Her route out of the house took her through a spacious parlor that had been turned into a labyrinth of guests sitting at small tables playing cards. The din of conversation was muted, here, but interrupted every few moments by shouts and groans from one table or another. Amelia threaded her way through the tables, trying not to bump into the players, who were all focused on their cards, anyway.
A man seated on the opposite side of the table right before her threw down his cards in crowing victory. The rest of the table’s melodramatic groans quickly gave way to jeers and pointing at another player who had revealed his cards with good-natured chagrin. The winner beckoned him to draw closer. He complied with a smile.
Amelia watched in fascination as the two men shared a lingering kiss as the rest of their table cheered them on. When one of the men began to crawl into the other’s lap, she realized that she was staring. She beat a hasty retreat—but turned back when she had put two tables between her and the display. They were still kissing. The rest of their table had apparently turned to conversation and shuffling the cards for a new deal.
Where in hell was she?
Amelia burst out of the house and onto the back portico. The cool night air seemed to welcome her, brushing away the cloying atmosphere from inside. She took a long, steadying breath and looked around to orient herself. Steps swept down onto a wide terrace, the first of many that structured the elaborate gardens behind the house. There were scattered people out enjoying the gardens in the gathering twilight. A few pavillions were set out on the lawn below. That must be where the master of the house was holding court.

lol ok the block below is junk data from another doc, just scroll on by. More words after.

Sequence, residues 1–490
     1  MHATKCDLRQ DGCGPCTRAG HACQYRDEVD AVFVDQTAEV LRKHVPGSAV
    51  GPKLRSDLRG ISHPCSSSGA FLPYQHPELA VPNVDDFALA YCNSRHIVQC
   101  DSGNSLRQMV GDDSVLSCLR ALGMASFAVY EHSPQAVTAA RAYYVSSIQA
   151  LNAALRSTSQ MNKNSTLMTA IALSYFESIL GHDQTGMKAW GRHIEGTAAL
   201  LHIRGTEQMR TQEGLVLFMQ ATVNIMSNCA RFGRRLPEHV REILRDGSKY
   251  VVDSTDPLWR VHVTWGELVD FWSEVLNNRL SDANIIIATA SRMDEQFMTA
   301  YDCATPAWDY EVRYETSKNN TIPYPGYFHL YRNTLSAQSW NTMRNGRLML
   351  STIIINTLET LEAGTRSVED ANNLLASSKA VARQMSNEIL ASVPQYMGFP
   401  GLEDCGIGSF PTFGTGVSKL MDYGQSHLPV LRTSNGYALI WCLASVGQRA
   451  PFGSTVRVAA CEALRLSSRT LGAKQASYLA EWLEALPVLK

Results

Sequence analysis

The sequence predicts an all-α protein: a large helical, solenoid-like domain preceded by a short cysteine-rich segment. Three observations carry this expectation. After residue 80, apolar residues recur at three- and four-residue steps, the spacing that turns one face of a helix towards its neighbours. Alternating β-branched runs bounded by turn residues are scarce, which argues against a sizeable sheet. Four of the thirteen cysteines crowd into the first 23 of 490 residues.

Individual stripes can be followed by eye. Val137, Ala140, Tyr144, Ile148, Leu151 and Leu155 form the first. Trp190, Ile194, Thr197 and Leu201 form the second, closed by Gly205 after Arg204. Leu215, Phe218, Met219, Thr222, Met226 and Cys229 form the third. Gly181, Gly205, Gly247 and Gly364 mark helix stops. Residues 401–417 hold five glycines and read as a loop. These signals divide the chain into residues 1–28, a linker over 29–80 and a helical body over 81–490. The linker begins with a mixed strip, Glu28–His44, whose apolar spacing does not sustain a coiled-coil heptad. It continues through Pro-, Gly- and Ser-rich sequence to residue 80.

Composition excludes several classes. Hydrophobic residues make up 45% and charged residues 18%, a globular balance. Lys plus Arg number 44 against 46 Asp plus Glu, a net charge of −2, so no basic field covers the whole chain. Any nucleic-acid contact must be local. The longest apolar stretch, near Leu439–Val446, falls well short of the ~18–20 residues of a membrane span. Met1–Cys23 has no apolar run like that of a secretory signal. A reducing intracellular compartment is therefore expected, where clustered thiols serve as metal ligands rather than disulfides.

She had some time to collect herself as she decended the steps, chiding herself for her shock. She had come all the way out to the edge of Wales, to the most notorious manor in the kingdom, to sneak into a party she hadn’t been invited to. And she’d done it all alone, without a chaperone or guide. She had no reason to be scandalized.
Was she scandalized, though? Shocked, certainly. None of this was something that one was accustomed to seeing. She had imagined quite a lot of it, if she was being honest, but her mind’s eye was not seeing. And sure, she’d slipped out of her parents’ townhouse before, to visit houses of ill repute, even. There she saw everything put on gaudy display, but somehow it was different when it was ladies and gentlemen, not professionals plying their trade.
Perhaps it just took some time to get used to.
Amelia hoped that she’d have the opportunity to get used to it.
Snippets of a conversation came to her through the cool garden air, equal parts muffled words and titters. Probably a pair of lovers, she thought, flirting on the other side of the tall hedge she walked down. Scandalous anywhere else, of course: a man and a woman, out of the sight of their chaperones, would ruin both their reputations. But perhaps it was different, here at Uskweirs. Perhaps it could be simple, innocent fun, instead of needlessly and permanently labelling them as a slut and a cad. Amelia turned the corner at the end of the hedge, stumbled to a halt, and gasped.